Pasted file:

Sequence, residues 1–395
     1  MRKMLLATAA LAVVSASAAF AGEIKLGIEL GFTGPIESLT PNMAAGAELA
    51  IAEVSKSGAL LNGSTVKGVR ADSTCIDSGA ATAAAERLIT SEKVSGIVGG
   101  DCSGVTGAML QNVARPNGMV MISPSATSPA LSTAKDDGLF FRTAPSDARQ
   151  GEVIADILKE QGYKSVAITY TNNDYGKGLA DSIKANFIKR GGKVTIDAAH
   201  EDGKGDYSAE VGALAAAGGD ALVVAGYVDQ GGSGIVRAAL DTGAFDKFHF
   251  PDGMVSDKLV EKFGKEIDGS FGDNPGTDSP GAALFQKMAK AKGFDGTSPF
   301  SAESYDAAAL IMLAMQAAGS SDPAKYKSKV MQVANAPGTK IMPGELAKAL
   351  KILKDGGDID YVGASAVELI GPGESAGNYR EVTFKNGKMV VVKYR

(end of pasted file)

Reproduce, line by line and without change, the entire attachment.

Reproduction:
Sequence, residues 1–395
     1  MRKMLLATAA LAVVSASAAF AGEIKLGIEL GFTGPIESLT PNMAAGAELA
    51  IAEVSKSGAL LNGSTVKGVR ADSTCIDSGA ATAAAERLIT SEKVSGIVGG
   101  DCSGVTGAML QNVARPNGMV MISPSATSPA LSTAKDDGLF FRTAPSDARQ
   151  GEVIADILKE QGYKSVAITY TNNDYGKGLA DSIKANFIKR GGKVTIDAAH
   201  EDGKGDYSAE VGALAAAGGD ALVVAGYVDQ GGSGIVRAAL DTGAFDKFHF
   251  PDGMVSDKLV EKFGKEIDGS FGDNPGTDSP GAALFQKMAK AKGFDGTSPF
   301  SAESYDAAAL IMLAMQAAGS SDPAKYKSKV MQVANAPGTK IMPGELAKAL
   351  KILKDGGDID YVGASAVELI GPGESAGNYR EVTFKNGKMV VVKYR